What is shoulder instability?
The shoulder joint is the most mobile joint in the body and allows the arm to move in many directions. This ability to move makes the joint inherently unstable and also makes the shoulder the most often dislocated joint in the body.
The head of the humerus (upper arm bone) sits in the glenoid fossa, an extension of the scapula, or shoulder blade. Because the glenoid fossa (fossa = shallow depression) is so shallow, other structures within and surrounding the shoulder joint are needed to maintain its stability. Within the joint, the labrum (a fibrous ring of cartilage) extends from the glenoid fossa and provides a deeper receptacle for the humeral head.
The capsule tissue that surrounds the joint also helps maintain stability. The rotator cuff muscles and the tendons that move the shoulder provide a significant amount of protection for the shoulder joint.
Dislocations of the shoulder occur when the head of the humerus is forcibly removed from its socket in the glenoid fossa. The shoulder can be dislocated in many different directions, and a dislocated shoulder is described by the location where the humeral head ends up after it has been dislocated.
Ninety percent or more of shoulder dislocations are anterior dislocations, meaning that the humeral head has been moved to a position in front of the joint. Posterior dislocations are those in which the humeral head has moved backward toward the shoulder blade.
Symptoms of shoulder instability
Due to the altered biomechanics of an unstable shoulder, it is possible for shoulder instability to present in a variety of ways. It is not uncommon for there to be a constant dull ache around the shoulder due to the overuse of the rotator cuff muscle group. The shoulder will likely be painful on extreme ranges of movement. There may be a noticeable ‘clicking’ of the joint with certain movements.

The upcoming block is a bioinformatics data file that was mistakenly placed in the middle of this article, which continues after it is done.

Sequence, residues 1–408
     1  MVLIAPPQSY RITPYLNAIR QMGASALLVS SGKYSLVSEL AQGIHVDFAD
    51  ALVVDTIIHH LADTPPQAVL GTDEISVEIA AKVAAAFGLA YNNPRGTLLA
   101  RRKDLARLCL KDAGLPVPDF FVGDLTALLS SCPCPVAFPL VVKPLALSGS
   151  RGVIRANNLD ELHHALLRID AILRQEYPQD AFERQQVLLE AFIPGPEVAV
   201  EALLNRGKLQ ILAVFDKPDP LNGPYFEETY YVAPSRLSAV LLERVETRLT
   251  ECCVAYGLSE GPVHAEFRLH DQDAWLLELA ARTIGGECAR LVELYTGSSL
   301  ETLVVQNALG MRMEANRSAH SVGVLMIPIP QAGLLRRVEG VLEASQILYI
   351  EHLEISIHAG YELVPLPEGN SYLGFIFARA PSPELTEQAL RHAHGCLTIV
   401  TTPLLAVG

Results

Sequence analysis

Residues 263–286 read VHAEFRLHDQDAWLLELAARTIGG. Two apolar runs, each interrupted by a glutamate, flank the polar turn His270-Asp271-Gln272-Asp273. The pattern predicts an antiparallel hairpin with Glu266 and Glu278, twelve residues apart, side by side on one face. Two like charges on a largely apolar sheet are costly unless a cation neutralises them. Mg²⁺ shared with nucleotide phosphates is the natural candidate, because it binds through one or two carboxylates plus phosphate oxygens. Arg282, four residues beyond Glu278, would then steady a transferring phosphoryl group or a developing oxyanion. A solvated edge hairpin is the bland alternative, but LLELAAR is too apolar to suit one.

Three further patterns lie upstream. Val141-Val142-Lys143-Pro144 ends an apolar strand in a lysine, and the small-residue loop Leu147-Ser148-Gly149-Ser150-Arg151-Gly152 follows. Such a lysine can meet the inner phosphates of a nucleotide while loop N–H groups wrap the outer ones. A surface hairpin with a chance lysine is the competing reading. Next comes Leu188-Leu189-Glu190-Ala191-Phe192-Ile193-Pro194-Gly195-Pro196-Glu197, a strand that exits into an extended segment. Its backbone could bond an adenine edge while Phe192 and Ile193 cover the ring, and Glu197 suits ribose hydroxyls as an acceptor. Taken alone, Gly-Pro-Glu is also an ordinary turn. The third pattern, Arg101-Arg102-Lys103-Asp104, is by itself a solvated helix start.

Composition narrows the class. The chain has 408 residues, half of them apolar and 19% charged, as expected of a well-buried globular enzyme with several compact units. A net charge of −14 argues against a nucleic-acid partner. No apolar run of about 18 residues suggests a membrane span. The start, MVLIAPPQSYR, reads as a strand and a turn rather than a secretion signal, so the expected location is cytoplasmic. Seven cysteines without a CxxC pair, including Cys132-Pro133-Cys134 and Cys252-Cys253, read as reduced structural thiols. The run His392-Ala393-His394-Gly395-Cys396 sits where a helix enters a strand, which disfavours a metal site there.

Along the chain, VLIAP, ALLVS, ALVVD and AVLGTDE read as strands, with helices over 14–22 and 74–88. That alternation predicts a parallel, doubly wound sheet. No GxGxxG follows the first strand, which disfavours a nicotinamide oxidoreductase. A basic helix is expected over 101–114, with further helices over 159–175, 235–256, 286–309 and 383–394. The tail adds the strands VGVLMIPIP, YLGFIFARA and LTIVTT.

Resulting dislocations are very painful. When the humerus is pulled out of the socket, cartilage, muscle, and other tissues are stretched and torn. Shoulder dislocations present with significant pain, and the patient will often refuse to move the arm in any direction. The muscles that surround the shoulder joint tend to go into spasm, making any movements very painful.
Usually, with anterior dislocations, the arm is held slightly away from the body, and the patient tries to relieve the pain by supporting the weight of the injured arm with the other hand.
Often, the shoulder appears squared off since the humeral head has been moved out its normal place in the glenoid fossa. Sometimes, it may be seen or felt as a bulge in front of the shoulder joint.
As with other bony injuries, the pain may provoke systemic symptoms of nausea and vomiting, sweating, light headedness, and weakness. These occur because of the stimulation of the vagus nerve, which blocks the adrenaline response in the body. Occasionally, this may cause the patient to faint or ass out (vasovagal syncope).
Suggestions for treating shoulder instability
Treatment options depend on the severity and nature of the instability ie which specific tissues in the shoulder joint are deficient. Remedial massage therapy, osteopathy, and myotherapy will help reduce the presence of painful trigger points around the joint. In addition your osteopath will tailor a program of exercises to restore the muscular component of the instability.
In severe cases, reconstructive surgery is often required to restore the integrity to the deep ligaments of the shoulder joint.
Your practitioner at Premier Health Partners is trained to determine the most appropriate form of treatment that is tailored specifically for you.
Contact us now for immediate advice regarding shoulder instability.